As you may recall, we discussed transferring the Windows 11-specific fluent design to Steam, as well as how different coding products would appear under the same umbrella.

However, now that everyone has tasted this new style, it will be difficult to quit. With fresh ideas emerging on a daily basis, Microsoft will soon have to figure out a way to make every program design-wise compatible.

Every day, new ideas on how to introduce the fluent style to our most used programs flood certain forums and social media networks.

The design proposal for Adobe XD, one of the most popular apps that users have requested to be rebuilt according to Windows 11 standards, can be seen in the screenshot above.

As you can expect, the list is extensive because everyone wants to be able to utilize their preferred programs while also being visually satisfied, boosting the experience of utilizing new software.

Another Reddit user applied the same design approach to Tkinter, which is a Python binding for the Tk GUI toolkit, as you may know.


You’ve undoubtedly also wondered, “What’s all the fuss about this new Windows design?”

The solution is straightforward, and it has to do with how we perceive and respond to change. Naturally, after years of using a particular UI, a freshly redesigned, better-looking one will be significantly more tempting.

Furthermore, during the years that we used Windows 10, there has been a lot of discussion about how alternative operating systems, such as macOS, look considerably better than Windows ever did.

And while the Sun Valley project was supposed to provide the OS a fresh facelift, it appears like Microsoft has instead decided to give us an entirely new experience.

Here’s another design element that looks even better than the one Microsoft chose. Another of Windows 11’s more tech-savvy users has decided to reconfigure the minimize, maximize, and close buttons.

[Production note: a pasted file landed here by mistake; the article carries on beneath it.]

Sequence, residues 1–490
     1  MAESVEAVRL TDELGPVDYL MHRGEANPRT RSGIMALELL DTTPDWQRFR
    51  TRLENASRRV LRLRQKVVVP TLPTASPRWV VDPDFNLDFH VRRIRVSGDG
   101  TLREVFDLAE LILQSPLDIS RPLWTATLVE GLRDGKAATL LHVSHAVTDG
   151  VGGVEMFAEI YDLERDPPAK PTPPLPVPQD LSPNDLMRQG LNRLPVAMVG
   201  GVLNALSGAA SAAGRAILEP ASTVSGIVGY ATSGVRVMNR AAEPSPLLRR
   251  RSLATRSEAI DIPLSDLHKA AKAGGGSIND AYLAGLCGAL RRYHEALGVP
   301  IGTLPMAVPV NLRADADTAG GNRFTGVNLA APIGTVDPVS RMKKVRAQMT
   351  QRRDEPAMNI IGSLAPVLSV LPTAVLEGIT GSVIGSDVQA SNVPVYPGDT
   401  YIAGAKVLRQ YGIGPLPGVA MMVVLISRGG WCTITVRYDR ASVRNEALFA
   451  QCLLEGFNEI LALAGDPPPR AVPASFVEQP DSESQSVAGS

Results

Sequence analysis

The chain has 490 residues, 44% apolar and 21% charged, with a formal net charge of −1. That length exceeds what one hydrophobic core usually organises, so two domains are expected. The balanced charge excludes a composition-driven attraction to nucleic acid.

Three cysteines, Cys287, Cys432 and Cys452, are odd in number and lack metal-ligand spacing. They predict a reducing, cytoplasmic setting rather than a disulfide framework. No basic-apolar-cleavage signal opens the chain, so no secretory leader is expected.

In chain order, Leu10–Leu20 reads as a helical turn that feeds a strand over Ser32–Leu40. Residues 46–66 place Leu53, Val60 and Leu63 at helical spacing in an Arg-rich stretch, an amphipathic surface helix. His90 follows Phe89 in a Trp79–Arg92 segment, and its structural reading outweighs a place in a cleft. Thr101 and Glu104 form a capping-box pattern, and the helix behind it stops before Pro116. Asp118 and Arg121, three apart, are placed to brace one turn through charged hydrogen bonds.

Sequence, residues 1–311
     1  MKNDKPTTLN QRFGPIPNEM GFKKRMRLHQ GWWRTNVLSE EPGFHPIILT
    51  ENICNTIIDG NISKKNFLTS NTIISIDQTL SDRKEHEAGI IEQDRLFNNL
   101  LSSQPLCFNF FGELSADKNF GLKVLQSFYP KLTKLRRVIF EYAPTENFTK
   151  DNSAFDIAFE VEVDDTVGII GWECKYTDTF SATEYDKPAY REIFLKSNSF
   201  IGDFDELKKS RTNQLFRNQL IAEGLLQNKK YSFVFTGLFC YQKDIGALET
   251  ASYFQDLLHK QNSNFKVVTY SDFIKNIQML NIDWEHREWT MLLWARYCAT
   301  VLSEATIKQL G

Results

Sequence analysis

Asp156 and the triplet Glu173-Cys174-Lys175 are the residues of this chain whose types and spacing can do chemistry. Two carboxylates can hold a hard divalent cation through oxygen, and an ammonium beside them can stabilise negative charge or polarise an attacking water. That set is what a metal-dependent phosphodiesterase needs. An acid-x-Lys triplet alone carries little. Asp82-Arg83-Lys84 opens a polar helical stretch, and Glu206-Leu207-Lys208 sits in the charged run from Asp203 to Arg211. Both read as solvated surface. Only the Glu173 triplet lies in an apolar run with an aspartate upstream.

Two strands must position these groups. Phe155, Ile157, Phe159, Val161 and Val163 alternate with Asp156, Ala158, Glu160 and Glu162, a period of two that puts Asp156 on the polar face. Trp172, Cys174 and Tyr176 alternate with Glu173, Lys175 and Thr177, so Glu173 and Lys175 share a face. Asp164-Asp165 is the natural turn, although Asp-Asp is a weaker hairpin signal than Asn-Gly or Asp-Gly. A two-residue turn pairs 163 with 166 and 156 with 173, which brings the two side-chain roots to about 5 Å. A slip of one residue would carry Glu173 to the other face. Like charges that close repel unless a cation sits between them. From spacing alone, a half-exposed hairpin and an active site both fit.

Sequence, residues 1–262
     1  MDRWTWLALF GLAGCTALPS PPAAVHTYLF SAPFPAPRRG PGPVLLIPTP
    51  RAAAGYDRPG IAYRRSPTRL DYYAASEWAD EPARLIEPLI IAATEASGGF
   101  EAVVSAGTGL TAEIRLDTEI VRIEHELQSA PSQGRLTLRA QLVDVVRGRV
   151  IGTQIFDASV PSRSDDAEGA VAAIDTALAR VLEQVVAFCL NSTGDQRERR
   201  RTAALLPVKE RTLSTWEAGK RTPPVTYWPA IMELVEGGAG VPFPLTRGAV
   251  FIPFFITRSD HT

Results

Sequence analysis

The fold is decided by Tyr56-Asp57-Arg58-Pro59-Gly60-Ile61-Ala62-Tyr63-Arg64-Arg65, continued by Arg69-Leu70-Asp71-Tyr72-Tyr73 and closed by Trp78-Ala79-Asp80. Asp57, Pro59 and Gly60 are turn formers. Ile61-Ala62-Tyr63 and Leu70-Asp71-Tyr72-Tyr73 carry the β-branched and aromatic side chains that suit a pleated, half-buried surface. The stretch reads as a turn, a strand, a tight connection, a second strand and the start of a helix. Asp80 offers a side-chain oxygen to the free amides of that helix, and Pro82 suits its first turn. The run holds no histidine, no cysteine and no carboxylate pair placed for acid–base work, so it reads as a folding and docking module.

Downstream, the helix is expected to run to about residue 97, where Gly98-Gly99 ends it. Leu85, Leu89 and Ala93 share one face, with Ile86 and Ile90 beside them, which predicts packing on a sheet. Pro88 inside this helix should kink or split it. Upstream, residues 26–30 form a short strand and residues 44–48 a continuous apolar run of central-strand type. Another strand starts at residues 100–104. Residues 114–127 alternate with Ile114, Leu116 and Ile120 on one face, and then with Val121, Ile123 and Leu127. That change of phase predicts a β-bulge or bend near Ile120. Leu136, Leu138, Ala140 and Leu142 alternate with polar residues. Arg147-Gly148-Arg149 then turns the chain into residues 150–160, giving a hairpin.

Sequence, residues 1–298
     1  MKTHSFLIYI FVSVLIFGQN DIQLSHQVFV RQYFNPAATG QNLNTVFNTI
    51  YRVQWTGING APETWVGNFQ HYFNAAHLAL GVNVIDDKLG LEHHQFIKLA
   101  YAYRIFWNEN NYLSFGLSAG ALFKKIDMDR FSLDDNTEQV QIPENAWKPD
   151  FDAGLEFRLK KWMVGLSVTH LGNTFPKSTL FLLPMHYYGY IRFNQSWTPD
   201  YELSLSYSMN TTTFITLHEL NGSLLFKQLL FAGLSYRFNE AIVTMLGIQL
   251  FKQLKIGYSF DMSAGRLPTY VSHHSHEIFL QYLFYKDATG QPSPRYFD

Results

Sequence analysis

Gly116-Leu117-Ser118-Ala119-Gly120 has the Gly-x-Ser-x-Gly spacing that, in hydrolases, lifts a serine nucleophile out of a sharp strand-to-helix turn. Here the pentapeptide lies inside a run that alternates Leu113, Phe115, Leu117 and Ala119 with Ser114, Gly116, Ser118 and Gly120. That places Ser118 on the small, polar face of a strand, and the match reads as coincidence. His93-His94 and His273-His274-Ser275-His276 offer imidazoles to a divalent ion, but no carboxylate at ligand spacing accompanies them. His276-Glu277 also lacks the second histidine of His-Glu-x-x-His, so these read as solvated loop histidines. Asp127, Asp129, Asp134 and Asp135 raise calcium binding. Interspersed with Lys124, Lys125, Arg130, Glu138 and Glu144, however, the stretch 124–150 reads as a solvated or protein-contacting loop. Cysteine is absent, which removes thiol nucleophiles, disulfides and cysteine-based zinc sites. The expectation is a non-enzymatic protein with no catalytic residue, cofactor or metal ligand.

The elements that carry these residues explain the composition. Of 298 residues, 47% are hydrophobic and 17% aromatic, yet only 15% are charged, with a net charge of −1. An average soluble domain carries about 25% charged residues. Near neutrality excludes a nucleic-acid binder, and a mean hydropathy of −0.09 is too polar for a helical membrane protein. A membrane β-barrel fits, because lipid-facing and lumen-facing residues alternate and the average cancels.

This changes the appearance of the buttons to that of Windows XP, as shown in the screenshot below. However, not everyone was pleased with this new option, with some criticizing the new button as juvenile and unworkable.


There appears to be a limit to how much the new OS can be tweaked utilizing these fluent design features before it becomes tacky and forced.

However, this isn’t actually about the pre-installed features that come with Windows. This design language should be applied to their preferred software, which is what people actually want.

And believe us when we say that the list is extensive. However, these are not unreasonable demands, as it would seem natural for downloaded and installed software to have the same appearance as the operating system on which it operates.

This will make the program feel like it belongs on the system, and it will create an overall harmony of shapes that will delight users.

It’s vital to keep in mind that Windows 11 is still in beta testing, so it can’t be considered a comprehensive experience.

When it is considered a stable and complete product, such functionality will almost certainly be built into the OS’s basic fabric.

What are some of your favorite apps that you wish had this fluent functionality? Please share your thoughts in the comments box below.